Seven years ago I began a post on media bias with the following opening paragraph:
It is not uncommon for conservatives or bloggers — and especially conservative bloggers — to engage in rants about the bias of the “mainstream media.” This is not one of those rants. It is a rant about an extraordinary expression of bias up one creek of what might be called the tributary media, the small, specialized publications that cover one industry or topic.
Seven years later conservatives, and even other sensible people, are even less surprised by biased or incompetent news articles in the mainstream press. Two recent examples, however, provide a useful reminder that biased or incompetent news coverage is not limited to the mainstream press.
Inside Higher Ed
Scott Jaschik is editor and one of three founders of Inside Higher Ed, a highly specialized industry-specific publication dealing, as you might guess, with higher education. A few days ago, in a long, tendentious article, “Freedom of Religion or Freedom to Discriminate?” editor Jaschik wrote:
Just days after the Hobby Lobby decision, the U.S. Supreme Court barred the government from requiring Wheaton College of Illinois to fill out a form to be exempt from the new federal requirement that employers provide health insurance coverage that includes contraceptive coverage.
In fact, the Court did no such thing. The authority Jaschik cites in the passage above for his misstatement is … another article by Jaschik, “Religious College Exemption,” whose lead paragraph has the same misstatement:
WASHINGTON — The U.S. Supreme Court, in a surprise ruling Thursday, barred the government from requiring Wheaton College of Illinois to fill out a form to be exempt from the new federal requirement that employers provide health insurance coverage that includes contraceptive coverage.
Jaschik’s immediately following paragraph, however, begins with a sentence that reveals why his sweeping statements are misleading to the point of being false: “The Supreme Court order says that, pending a full review of the case, Wheaton needs only to inform the government that it has religious objections to parts of the health care law.”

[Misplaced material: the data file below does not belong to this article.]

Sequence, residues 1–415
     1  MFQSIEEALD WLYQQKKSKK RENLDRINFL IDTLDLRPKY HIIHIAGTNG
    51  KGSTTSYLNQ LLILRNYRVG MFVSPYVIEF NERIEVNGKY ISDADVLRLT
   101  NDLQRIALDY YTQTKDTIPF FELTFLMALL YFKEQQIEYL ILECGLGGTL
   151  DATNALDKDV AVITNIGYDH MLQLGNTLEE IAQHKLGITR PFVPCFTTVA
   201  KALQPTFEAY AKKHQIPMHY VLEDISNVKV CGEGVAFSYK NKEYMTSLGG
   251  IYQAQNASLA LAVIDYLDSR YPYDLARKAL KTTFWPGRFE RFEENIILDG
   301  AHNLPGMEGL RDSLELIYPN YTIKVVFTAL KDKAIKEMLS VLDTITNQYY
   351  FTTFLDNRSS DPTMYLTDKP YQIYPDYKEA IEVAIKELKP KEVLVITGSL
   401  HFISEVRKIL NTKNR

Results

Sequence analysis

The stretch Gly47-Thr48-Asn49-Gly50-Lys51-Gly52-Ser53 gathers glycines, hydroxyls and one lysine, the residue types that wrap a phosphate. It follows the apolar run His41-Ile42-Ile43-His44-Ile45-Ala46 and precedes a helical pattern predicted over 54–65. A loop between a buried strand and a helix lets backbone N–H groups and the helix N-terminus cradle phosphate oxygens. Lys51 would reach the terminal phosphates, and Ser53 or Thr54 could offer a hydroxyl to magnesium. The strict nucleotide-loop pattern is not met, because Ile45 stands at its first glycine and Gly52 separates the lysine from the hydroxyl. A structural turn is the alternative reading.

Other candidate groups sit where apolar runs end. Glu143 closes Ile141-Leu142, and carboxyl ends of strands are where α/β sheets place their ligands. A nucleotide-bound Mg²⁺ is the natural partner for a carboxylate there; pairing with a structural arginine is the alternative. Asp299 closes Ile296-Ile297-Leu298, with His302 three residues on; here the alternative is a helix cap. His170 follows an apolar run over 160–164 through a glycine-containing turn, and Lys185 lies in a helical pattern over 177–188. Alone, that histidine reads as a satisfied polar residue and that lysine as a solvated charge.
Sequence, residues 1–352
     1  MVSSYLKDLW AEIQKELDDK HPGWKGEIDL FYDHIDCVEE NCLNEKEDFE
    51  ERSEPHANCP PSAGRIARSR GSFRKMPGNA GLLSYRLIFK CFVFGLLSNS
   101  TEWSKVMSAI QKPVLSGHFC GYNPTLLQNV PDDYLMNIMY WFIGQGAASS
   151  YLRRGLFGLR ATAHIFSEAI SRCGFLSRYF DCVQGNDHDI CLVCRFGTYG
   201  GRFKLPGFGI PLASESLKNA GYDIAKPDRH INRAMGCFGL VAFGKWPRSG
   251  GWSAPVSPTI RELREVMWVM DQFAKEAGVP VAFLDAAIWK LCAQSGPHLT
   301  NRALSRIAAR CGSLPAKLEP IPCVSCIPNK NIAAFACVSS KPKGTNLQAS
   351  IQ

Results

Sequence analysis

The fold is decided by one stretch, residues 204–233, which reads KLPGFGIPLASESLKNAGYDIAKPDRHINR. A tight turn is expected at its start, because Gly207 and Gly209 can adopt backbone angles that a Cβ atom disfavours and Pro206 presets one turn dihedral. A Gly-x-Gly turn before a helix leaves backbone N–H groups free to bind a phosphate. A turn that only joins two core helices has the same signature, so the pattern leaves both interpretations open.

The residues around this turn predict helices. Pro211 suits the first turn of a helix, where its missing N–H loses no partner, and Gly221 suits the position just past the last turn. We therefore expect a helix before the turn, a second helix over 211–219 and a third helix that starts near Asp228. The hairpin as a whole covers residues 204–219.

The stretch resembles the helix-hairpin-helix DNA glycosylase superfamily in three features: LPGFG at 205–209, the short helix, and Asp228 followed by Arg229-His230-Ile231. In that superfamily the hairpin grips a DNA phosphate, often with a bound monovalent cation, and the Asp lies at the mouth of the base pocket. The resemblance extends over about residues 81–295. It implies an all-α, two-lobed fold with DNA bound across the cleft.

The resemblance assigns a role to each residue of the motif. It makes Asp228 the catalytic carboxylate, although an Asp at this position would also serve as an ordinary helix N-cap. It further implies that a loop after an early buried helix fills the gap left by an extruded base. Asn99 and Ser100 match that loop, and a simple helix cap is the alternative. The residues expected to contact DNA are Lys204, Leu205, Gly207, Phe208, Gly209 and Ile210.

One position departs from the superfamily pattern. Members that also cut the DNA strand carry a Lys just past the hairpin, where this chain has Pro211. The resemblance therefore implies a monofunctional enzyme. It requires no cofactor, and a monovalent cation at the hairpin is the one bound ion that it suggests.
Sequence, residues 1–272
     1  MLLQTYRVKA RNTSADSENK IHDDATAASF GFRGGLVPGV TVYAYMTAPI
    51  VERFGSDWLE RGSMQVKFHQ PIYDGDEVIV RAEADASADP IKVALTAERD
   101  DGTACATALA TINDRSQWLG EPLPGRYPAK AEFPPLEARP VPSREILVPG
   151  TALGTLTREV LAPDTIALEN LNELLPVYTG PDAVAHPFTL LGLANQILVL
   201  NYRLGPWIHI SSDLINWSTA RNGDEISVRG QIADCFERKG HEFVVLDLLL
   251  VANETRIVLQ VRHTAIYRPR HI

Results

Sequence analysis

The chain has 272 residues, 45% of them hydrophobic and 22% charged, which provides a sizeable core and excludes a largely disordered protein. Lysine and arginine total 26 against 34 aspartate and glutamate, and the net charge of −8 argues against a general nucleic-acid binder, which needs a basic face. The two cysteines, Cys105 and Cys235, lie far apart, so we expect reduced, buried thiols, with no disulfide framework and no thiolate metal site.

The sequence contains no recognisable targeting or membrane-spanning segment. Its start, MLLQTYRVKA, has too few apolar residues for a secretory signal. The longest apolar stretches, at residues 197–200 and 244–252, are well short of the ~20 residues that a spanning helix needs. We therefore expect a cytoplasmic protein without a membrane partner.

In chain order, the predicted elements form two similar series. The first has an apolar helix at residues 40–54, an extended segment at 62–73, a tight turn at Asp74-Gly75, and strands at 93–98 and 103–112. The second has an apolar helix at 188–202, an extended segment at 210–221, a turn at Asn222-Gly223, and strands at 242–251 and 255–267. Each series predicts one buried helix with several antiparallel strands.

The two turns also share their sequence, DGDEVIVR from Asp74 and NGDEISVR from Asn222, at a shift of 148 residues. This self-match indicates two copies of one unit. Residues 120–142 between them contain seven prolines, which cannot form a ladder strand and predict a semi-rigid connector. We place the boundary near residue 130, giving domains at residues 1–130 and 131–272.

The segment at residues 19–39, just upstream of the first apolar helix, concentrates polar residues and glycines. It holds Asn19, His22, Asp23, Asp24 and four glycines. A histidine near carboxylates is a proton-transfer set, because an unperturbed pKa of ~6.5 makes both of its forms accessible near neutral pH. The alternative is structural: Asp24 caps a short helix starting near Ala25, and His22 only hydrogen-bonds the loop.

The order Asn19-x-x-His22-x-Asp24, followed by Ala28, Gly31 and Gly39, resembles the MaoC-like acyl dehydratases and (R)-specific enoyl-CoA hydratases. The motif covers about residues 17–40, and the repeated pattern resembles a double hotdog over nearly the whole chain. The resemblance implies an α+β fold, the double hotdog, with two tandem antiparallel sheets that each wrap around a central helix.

That’s right. The Court has not ruled on whether Wheaton must fill out the forms required by the Obamacare regulations. All it did was rule that Wheaton need not fill out the forms while its challenge was being litigated, a far different and more limited result.
This is not the first time I’ve noticed Jaschik engaging in behavior that would, or should, make most professional journalists embarrassed. For chapter and verse on Jaschik going even beyond inviting college “diversity” officers to tell him what to write by offering to give them “off the record” coaching sessions, see my old post on “Egregious Media Bias At InsideHigherEd” from which my opening paragraph here is taken.
Roll Call, another speciality publication covering one industry, Congress, has a blog-like section called “Inside the World’s Greatest Deliberative Body.” In a piece there yesterday, “Birth Control Legislation Stalls in Senate,” Sarah Chacko wrote:
Senators blocked legislation Wednesday that would have required Hobby Lobby and other private employers with religious interests to pay for birth control….
The bill (S 2578) would upend a Supreme Court ruling last month in a case involving Hobby Lobby, in which they [sic] argued that they [sic] should not have to cover employees’ contraception, as required by President Barack Obama’s signature health care law, because of the owner’s religious beliefs. The Supreme Court agreed.
Hobby Lobby, of course, never argued — and hence the Supreme Court certainly never agreed — that it “should not have to cover employees’ contraception….” It has not objected to covering 16 of the 20 forms of contraception on the FDA’s approved list relied on in the HHS implementing regulations (not in “President Barack Obama’s signature health care law”), limiting its objections to the four that run afoul of its owners religious beliefs regarding abortifacients.
When an editor like Scott Jaschik edits himself, one thinks of the old saw about the quality of the client when a lawyer represents himself. But in the case of of Roll Call‘s Sarah Chacko, doesn’t Roll Call have editors?